Jane Goodall Institute Japan - ジェーン・グドール インスティテュート・ジャパン


© JGI/Hugo van Lawick

about Jane Goodall




Valerie Jane Morris-Goodall was born on April 3, 1934, in London. From earliest childhood, Jane’s mother encouraged her fascination with animals. Young Jane immersed herself in books about wild animals and dreamed of a life alongside African wildlife like Tarzan and Dr. Dolittle.




Jane’s Mentor Dr. Louis Leakey

In 1957, Jane eagerly accepted a schoolmate’s invitation to the family farm in Kenya. Within a few months of arriving, she met the famed paleoanthropologist, Dr. Louis Leakey. Dr. Leakey was searching for the right person to study fellow great apes, particularly chimpanzees. This was not only to better understand these little-known primates, but also to gain insight into the evolutionary past of humans, as chimpanzees and humans share a (most recent) common ancestor some 6 million years ago. He was drawn to Jane’s persistent desire to understand animals and believed that a mind uncluttered by the reductionist thinking of ethologists of the time would yield a fresh perspective.

© JGI/Courtesy of the Goodall Family

© JGI/Courtesy of the Goodall Family

© JGI/Joan Travis

© JGI/Judy Goodall





In July 1960, Jane arrived on the shores of Lake Tanganyika in what is now Gombe National Park, Tanzania, East Africa. Everybody said, “How will you do that? You don’t have money. Africa’s far away. It’s a dangerous place and anyway you’re just a girl. Girls don’t do that sort of thing.”, except her mother, who encouraged Jane’s dream.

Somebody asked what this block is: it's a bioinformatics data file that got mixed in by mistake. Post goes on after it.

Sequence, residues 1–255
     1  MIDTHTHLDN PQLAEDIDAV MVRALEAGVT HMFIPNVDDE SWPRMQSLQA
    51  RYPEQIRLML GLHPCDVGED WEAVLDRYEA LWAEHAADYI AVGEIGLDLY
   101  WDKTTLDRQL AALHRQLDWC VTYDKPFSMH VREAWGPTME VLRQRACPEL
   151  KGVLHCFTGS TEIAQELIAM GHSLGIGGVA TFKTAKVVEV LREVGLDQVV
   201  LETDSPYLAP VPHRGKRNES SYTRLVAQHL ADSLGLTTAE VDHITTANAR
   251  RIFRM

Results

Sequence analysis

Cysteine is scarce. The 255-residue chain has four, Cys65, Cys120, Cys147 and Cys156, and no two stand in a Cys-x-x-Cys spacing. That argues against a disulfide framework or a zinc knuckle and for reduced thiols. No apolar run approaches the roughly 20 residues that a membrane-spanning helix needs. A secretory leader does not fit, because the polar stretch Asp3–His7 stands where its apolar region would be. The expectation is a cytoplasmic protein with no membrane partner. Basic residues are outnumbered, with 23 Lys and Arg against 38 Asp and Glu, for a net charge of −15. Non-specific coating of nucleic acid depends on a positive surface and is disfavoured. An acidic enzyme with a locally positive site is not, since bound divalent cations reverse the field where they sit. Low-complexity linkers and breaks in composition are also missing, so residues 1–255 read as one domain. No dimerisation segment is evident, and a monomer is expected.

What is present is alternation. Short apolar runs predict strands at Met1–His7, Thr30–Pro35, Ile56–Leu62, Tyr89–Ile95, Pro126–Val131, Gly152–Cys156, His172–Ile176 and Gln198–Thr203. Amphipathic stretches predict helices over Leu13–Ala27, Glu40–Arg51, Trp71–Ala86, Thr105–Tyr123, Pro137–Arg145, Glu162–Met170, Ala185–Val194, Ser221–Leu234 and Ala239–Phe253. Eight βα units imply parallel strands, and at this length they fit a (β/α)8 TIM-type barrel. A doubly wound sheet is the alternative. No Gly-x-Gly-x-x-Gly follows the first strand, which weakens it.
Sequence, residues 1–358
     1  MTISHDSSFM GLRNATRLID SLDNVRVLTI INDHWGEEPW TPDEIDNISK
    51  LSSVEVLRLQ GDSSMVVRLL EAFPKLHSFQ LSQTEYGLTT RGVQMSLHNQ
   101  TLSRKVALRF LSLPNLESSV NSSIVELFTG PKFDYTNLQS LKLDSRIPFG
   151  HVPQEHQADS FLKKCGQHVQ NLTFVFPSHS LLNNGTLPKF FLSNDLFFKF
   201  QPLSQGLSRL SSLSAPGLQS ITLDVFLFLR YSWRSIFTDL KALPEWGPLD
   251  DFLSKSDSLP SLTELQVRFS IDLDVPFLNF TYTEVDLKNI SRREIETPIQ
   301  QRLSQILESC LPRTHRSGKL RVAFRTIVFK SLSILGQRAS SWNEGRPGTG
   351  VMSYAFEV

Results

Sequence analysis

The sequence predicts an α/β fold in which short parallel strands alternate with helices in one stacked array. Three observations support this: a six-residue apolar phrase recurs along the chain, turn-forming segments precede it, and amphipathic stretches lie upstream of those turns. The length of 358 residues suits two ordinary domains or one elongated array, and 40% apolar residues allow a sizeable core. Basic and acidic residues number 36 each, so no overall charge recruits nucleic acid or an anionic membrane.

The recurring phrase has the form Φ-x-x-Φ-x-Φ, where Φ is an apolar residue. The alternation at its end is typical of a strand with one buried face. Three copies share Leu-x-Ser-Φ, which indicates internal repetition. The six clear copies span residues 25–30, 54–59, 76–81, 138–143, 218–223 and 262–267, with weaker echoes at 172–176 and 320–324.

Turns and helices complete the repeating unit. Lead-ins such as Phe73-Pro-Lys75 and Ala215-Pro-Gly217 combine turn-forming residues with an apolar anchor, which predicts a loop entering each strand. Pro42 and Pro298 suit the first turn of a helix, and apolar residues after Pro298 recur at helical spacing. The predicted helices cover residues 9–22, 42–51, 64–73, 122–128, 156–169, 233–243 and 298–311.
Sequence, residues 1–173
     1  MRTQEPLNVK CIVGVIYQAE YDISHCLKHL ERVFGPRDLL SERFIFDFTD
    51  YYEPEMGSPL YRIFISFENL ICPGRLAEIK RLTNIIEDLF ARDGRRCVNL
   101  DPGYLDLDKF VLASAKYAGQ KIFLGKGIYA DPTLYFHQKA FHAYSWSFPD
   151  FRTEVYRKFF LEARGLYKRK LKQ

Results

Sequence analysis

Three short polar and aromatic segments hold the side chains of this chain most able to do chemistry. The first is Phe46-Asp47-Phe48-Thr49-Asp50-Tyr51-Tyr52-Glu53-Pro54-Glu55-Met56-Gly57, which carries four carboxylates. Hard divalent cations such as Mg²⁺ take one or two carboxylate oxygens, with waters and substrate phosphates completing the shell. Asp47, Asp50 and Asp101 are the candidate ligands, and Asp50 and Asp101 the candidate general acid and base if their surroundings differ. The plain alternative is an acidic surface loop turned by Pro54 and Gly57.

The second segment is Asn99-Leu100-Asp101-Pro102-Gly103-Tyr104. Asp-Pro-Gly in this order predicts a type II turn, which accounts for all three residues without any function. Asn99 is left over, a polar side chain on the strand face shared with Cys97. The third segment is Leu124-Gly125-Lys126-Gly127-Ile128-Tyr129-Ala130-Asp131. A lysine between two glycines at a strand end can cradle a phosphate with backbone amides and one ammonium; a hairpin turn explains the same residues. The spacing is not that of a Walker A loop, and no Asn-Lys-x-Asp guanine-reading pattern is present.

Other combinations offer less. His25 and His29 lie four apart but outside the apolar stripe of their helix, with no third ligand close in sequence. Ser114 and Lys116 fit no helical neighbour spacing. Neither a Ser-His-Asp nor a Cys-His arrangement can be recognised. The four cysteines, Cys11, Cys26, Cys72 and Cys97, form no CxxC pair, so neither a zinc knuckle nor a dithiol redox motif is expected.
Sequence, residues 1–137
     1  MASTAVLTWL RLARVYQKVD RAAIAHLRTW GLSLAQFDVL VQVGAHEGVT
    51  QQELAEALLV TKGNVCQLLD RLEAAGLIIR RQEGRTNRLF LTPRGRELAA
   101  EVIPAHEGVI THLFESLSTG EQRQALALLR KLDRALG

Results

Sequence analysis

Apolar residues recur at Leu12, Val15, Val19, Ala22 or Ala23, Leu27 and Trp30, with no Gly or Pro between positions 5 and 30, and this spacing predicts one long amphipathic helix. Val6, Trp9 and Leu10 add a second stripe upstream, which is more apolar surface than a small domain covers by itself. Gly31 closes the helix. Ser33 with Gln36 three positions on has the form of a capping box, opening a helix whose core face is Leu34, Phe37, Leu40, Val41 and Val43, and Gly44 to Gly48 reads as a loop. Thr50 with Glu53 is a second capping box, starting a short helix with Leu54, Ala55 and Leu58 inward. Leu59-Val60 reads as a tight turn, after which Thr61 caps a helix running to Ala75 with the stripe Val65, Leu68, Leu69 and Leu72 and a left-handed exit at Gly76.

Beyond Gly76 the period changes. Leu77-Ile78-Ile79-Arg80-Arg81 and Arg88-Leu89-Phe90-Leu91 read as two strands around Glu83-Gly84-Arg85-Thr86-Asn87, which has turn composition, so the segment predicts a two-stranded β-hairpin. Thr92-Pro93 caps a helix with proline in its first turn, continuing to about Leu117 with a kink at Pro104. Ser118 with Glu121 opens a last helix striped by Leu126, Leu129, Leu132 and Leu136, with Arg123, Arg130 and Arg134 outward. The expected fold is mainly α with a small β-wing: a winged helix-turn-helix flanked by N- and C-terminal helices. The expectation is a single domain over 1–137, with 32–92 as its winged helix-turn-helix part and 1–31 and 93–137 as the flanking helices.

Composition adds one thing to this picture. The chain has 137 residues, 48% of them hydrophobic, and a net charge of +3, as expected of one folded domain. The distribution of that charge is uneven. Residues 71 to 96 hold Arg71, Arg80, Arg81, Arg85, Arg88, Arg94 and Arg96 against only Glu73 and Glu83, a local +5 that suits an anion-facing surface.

Jane Arrives in Gombe

Equipped with little more than binoculars, a notebook and her fascination with wildlife, Jane ventured into what was then called the Gombe Stream Chimpanzee Reserve – embarking on a journey that would redefine the relationship between humans and other animals and ultimately help shape the burgeoning strategies of world conservation into the 21st century.

She took an unorthodox approach, immersing herself in the chimpanzee’s habitat. After months of trying to gain their trust, she was able to experience their complex society as a neighbor, rather than a distant observer. She then further defied scientific convention by giving them names instead of numbers. She came to understand them not only as a species, but as individuals with personalities, complex minds, emotions, and long-term bonds.

© Hugo van Lawick

© Hugo van Lawick

© JGI/Hugo van Lawick

© JGI/Jane Goodall


1960年10月、“白ひげのデイビッド”とジェーンが名付けたチンパンジーとの話は、彼女のキャリアを語る上で外せない代表的な功績のひとつです。当時の科学では、人間と動物を分かつものは、「道具を作り、使うこと」と考えられていました。しかし、デイビッドが葉をきれいに取り除いた茎をアリ塚に差し込み、シロアリをつりあげて食事する様子をジェーンは目撃したのです。「大変だ! 人間と道具を定義し直すか、チンパンジーを人間として受け入れなければ!」リーキー博士のこの言葉は、いかにこれが科学界を揺るがす発見だったかを物語っています。この発見により、ナショナルジオグラフィック協会が研究のスポンサーとなり、その後も調査研究が続けられることとなったのです。

Revolutionizing Primatology

One day, in October 1960, she saw the chimpanzee she named David Greybeard use grass stems to fashion tools for fishing termites from their nest. Up until that revelatory moment, mainstream scientists thought humans were the only species to make and use tools, having defined us as “Man the Toolmaker.” Her insights rocked the scientific world, prompting Dr. Leakey to proclaim, “Now we must redefine man, redefine tool, or accept chimpanzees as humans!” Her published findings on the tool-making practices of chimpanzees remain one of the most highly regarded observations in the world of animal behavior research.




Ph.D. in Ethology

During her first years at Gombe, she also observed several other behaviors that transformed our understanding of chimpanzees. This included that they 1) Can be compassionate and altruistic, 2) Will hunt and eat meat (though it is less than 3% of their diet), 3) Can engage in “primitive warfare,” and 4) Have lasting bonds between family members (all species have strong mother-infant bonds). In 1961, Jane entered Cambridge University as a Ph.D. candidate, only the 8th person to be admitted without an undergraduate degree. She repeatedly returned to Gombe to continue her observations throughout her time at Cambridge, before earning her Ph.D. in Ethology (animal behavior) in 1966 and continued her research in Gombe.